You can charge on a cost basis (a hourly rate that recovers your actual costs plus overhead and profit), in which case you are counting on having lower rates than your competitors, or you can offer a fixed price (having assumed the hours, margins and risks). If you don't seem to be able to win any work that way, try talking to the companies who let the work out and see if they can give you some clues as to your competitiveness. If you just can't get there then you'll need to figure out how to reduce your costs or refine your delivery process.
The best way is to analyze what the market charges for the same services and establish your prices within that range. Spend some time on your quotation template to show the customer the value of your services for the price offered and emphasize the part of your service that makes you stand out above your competitors.
Size your business to the work coming in. Try to get some developers to work on contract at the beginning while you are building your business and reinvest your revenue into your business so that you can build it with some FTE's. It is important to know your fixed and variable costs so you can determine how many projects you need per month as a target for your sales team and the number of developers you need per month to execute the work. Good luck with your planning and strategy.
You have to do a two prong approach to work this out.
You are basically a services company that is selling the service of individual people. So you have a group of people who earn income and some others who do not. The income earners needs to cover their own costs plus the costs of the others plus the other costs of running a business plus produce a profit.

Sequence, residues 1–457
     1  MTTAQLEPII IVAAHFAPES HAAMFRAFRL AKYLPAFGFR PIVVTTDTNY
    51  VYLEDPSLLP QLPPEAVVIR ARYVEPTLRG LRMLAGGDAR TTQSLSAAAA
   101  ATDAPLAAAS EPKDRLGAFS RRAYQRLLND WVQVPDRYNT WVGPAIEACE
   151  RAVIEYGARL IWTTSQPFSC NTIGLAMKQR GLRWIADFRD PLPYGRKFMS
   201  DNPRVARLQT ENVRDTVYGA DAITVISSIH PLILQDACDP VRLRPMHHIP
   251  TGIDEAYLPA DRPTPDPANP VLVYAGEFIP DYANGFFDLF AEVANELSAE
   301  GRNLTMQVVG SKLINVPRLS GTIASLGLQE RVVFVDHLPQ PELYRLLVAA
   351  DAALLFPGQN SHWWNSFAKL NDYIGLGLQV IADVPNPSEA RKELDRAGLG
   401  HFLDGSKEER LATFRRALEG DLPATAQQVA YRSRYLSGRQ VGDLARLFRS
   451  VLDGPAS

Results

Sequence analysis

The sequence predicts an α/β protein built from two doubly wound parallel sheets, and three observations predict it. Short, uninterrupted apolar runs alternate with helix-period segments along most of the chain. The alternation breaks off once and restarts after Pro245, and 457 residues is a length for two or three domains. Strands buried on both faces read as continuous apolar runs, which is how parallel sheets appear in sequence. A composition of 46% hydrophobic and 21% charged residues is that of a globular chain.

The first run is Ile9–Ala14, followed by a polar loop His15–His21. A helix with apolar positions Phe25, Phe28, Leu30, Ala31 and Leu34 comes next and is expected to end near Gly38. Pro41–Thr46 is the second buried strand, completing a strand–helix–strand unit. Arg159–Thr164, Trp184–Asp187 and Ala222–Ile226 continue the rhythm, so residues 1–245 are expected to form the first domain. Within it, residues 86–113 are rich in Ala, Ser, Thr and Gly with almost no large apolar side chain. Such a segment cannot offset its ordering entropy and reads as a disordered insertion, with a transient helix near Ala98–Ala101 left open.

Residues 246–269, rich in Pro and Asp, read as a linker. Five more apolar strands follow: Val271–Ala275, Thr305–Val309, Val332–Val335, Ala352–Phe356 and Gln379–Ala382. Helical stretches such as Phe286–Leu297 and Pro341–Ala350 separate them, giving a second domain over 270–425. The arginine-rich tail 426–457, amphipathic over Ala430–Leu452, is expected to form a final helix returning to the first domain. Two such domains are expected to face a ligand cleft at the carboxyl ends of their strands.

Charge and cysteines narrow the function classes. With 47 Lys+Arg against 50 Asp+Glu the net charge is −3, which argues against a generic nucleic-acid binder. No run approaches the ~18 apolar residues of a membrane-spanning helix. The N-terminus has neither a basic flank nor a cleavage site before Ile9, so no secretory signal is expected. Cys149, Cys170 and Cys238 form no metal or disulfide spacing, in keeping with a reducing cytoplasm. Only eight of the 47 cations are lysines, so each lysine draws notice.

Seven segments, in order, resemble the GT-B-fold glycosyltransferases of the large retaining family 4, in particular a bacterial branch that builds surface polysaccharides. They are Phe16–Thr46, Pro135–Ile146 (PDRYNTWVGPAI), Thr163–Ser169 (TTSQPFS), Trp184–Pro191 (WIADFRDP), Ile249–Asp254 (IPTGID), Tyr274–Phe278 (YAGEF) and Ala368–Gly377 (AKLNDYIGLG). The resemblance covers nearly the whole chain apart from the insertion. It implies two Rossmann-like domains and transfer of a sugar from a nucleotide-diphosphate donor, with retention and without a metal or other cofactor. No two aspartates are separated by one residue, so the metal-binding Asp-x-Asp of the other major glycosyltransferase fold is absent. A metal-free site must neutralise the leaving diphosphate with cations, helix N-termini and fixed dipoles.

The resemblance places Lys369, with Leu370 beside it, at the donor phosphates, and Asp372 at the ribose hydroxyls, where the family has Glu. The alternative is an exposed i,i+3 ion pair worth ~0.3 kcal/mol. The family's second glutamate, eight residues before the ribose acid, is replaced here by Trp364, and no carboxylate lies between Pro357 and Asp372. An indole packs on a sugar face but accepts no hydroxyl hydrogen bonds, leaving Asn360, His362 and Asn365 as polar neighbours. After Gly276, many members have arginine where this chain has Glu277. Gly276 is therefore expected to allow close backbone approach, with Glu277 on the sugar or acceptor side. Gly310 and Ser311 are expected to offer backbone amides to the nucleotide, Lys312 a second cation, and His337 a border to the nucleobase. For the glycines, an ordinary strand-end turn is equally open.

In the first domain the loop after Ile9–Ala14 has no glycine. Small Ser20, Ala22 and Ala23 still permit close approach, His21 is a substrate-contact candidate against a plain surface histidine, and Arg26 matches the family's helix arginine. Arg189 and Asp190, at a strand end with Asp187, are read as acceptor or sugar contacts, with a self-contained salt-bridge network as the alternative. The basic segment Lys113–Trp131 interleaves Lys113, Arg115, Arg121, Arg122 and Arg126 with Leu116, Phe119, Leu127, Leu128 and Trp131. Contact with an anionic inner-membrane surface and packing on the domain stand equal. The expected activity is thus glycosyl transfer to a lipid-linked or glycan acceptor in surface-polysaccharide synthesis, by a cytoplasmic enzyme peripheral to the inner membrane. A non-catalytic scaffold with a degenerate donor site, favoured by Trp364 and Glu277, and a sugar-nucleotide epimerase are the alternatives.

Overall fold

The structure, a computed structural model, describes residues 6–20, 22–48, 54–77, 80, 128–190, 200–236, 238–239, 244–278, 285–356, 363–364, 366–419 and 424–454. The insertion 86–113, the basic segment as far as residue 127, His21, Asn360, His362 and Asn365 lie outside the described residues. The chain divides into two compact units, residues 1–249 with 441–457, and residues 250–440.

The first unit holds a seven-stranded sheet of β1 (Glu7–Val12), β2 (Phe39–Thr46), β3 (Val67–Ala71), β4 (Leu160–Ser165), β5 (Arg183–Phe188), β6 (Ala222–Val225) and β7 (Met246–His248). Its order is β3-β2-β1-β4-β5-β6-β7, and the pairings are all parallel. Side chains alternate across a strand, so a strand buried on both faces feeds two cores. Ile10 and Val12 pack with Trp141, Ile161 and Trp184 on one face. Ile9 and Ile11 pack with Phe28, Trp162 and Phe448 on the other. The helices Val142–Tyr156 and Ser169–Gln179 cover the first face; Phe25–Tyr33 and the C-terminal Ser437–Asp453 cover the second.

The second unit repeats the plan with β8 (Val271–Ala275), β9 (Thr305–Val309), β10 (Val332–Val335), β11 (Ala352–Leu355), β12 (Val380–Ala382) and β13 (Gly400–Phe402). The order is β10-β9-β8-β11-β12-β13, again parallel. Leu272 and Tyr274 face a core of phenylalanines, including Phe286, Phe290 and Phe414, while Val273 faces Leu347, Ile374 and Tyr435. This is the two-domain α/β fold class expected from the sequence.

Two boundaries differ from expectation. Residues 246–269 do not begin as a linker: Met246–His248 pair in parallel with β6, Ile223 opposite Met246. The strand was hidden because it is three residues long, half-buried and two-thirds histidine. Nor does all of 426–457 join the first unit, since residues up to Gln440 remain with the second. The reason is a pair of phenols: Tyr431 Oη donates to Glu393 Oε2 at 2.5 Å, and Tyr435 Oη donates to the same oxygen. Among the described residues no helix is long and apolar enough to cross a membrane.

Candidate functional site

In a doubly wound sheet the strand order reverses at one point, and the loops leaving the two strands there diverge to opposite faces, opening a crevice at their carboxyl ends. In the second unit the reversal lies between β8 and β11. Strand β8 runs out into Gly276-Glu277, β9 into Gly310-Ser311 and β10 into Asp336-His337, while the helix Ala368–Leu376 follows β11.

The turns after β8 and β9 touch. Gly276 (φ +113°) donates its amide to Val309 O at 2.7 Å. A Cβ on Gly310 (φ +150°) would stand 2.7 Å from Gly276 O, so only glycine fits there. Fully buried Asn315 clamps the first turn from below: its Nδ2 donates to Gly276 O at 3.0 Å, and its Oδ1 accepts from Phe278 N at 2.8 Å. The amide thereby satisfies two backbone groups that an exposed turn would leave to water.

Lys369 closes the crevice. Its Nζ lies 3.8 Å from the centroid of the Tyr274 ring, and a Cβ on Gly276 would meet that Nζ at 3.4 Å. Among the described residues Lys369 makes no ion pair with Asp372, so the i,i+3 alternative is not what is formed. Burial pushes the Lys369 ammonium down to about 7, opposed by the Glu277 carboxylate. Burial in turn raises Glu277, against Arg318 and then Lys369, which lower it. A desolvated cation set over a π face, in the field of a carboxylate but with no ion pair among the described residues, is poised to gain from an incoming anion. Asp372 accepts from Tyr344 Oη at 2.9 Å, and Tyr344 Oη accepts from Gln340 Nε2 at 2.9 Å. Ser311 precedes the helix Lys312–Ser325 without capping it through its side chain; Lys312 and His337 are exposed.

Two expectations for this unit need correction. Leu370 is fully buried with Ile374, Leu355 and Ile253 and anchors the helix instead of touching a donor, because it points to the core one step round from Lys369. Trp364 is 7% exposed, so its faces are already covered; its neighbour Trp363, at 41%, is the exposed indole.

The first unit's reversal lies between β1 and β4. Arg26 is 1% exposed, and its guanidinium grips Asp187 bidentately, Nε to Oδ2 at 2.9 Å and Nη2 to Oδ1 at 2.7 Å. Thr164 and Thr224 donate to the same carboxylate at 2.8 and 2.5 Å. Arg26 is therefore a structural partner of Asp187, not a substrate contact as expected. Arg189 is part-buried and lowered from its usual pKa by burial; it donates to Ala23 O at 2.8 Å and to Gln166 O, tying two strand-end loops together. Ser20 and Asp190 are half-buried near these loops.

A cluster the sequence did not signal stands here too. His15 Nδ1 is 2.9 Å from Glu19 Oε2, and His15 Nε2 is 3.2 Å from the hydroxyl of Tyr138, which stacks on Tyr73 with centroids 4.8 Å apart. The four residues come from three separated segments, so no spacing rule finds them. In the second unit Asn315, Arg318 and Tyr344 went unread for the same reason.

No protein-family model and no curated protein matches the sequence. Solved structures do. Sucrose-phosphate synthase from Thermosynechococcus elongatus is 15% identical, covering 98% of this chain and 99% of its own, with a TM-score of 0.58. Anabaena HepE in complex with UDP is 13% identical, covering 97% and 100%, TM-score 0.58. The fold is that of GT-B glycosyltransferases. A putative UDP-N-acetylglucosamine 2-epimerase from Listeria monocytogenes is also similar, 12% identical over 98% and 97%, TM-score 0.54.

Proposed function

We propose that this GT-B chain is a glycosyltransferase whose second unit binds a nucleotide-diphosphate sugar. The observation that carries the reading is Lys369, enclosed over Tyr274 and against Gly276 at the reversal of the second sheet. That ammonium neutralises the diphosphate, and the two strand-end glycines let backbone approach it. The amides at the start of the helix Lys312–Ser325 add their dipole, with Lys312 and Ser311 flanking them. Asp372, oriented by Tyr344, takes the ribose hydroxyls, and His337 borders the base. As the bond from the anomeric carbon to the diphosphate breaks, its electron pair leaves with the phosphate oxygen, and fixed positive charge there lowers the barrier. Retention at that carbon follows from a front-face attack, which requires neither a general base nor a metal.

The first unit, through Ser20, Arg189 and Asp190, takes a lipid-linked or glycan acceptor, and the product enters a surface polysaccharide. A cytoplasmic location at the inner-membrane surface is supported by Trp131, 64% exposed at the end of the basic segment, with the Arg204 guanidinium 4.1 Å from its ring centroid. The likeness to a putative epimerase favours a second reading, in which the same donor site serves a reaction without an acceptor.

First, you look at what you want ...
The cost of a worker can go beyond the actual salary. There are on costs such as company contributions to retirement funds, health care and so on. So when you look at the cost of the worker you need to look at their full cost.
Then the business has operating costs which can include rent, utilities, advertising etc. Plus they include the salary+on costs of any non-income producing worker e.g. manager, IT support, admin and so on.
Together these are your operational costs.
Break Even Income = cost of workers (salaries + oncosts) + overheads.
Finally people only work "x" days per year. Other days are public holidays, vacation, sick leave. So you have to set the number of income producing days e.g. 220.
The you have to factor in people don't work 8 billable hours per day. so they are often only 90% billable.
Then there is gross margin. You could set it at 50%.
You need to factor this all into a formula to work out what the rate for each person to make sure you cover your operational costs + margin.
Different skill sets have different rates e.g. a PM might earn $250 an hour. A junior design might be billable at $100 an hour.